Merged by Jim and Stephanie Kroepfl
Release Date: September 17, 2019
Seven of our country’s most gifted teens will become Nobels, hosts for the implantation of brilliant Mentor minds, in an effort to accelerate human progress.
But as the line between what’s possible and what’s right draws ever blurrier, the teens discover everything has a cost.
Scientists have created an evolved form of living known as Merged Consciousness, and sixteen-year-old Lake finds herself unable to merge with her Mentor.
Lake, the Nobel for Chemistry and Orfyn, the Nobel for Art, are two from among the inaugural class of Nobels, and with the best intent and motivation. But when Stryker, the Nobel for Peace, makes them question the motivation of the scientists behind the program, their world begins to unravel.
As the Nobels work to uncover the dark secrets of the program’s origins, everyone’s a suspect and no one can be trusted, not even the other Nobels.
As the Mentors begin to take over the bodies and minds of the Nobels, Lake and Orfyn must find a way to regain control before they lose all semblance or memory of their former selves.
This is a scene from Orfyn’s perspective that we cut (after who-know-how-many drafts to perfect it) to increase the story’s pace during the first 20 pages.
It’s only five-thirty, and her eyes are as sharp as they are at mid-afternoon. Sister Mo is already sipping coffee at the long wooden table marred with a thousand nicks and gouges, surrounded by twelve chairs on with side and three at each end. The kitchen is also at the ready: frying pans on the stove, tower of plates stacked on the counter, eggs and bread and butter waiting to be lovingly-transformed into breakfast for the kids of St. Catherine’s.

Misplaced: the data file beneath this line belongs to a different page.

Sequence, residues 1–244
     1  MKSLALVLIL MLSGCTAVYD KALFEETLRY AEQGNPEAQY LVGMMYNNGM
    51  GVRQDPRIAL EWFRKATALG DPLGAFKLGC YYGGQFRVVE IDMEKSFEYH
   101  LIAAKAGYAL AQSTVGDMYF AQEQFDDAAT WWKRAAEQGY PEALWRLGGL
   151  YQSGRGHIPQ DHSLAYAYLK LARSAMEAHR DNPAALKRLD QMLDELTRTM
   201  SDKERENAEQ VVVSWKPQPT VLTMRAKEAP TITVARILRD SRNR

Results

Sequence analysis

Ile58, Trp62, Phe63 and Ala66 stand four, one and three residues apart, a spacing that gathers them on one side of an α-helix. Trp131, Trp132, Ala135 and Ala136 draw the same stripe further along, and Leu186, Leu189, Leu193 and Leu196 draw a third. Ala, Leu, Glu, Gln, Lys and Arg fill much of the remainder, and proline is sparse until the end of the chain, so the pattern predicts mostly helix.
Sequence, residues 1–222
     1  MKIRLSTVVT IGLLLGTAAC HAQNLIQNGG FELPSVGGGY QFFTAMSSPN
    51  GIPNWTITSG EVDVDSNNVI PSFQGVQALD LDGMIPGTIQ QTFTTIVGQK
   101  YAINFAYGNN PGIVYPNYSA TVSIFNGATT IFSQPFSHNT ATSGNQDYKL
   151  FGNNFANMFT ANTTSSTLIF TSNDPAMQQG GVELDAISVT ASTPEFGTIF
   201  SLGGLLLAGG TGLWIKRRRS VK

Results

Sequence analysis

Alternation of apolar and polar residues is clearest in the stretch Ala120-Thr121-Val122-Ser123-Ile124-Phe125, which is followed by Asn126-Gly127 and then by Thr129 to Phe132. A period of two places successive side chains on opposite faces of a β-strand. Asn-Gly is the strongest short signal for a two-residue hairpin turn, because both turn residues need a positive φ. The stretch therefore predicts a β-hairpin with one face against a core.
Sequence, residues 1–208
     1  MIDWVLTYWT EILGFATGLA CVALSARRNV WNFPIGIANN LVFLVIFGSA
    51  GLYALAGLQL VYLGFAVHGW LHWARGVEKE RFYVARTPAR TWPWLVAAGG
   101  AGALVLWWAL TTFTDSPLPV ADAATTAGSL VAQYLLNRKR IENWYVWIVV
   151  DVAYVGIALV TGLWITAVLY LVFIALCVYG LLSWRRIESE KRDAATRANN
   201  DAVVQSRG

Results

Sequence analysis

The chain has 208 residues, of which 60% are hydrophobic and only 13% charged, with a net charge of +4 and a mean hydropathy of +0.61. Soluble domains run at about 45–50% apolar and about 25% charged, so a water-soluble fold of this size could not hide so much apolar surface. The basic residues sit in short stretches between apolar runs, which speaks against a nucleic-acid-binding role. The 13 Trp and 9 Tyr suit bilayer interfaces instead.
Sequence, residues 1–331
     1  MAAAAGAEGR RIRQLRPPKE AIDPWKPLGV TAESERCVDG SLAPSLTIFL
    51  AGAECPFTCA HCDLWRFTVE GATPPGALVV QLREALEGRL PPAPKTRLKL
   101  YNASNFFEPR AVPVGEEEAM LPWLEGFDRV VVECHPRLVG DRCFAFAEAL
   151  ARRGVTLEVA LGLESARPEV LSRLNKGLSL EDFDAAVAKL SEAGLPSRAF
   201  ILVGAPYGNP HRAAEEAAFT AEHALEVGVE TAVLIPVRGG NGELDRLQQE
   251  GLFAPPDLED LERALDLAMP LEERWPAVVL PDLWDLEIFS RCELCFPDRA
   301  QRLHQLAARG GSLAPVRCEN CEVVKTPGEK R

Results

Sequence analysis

“Out all night again, you,” Sister Mo says in her thick, Kingston lilt.
I drop my canvas bag on the well-worn but impeccably clean, linoleum floor. “You know I can’t paint during the day.” We’ve had this discussion, like, a few hundred times.
“The devil prowls at night,” she says, rising to her six-foot height. “You need breakfast.”
“Thanks, but I’m not hungry, Sister,” I try. Even though she doesn’t like me out all night, she supports my obsession, my need to tell a story through paint.
“Nonsense.” Sister Mo springs to the ancient gas stove and clicks on the gas burner. She slices and tosses three pats of butter into a hot pan before cracking three eggs in. Pops and sputters fill the room.
I blurt out what I’ve wanted to say from the start. What I want the world to know. “I really did it. I captured The Last Supper!”
She drops a couple scoops of hash browns next to the eggs, and then lets out a long, disapproving sigh. This is as close to a curse as Sister Mo ever gets.
“Sister, I know it’s good. Better than good. And mixing the New York Rangers with The Last Supper may not be Guernica, but you can’t say it isn’t creative, and it just might make someone’s day.”
“Kevin, you think you’re doing something meaningful with your alley pictures, but it’s temporary. Fleeting.” Sister Mo drops two slices of bread into the eight-slice toaster. “You could paint something that lasts. Something people will see for hundreds of years.”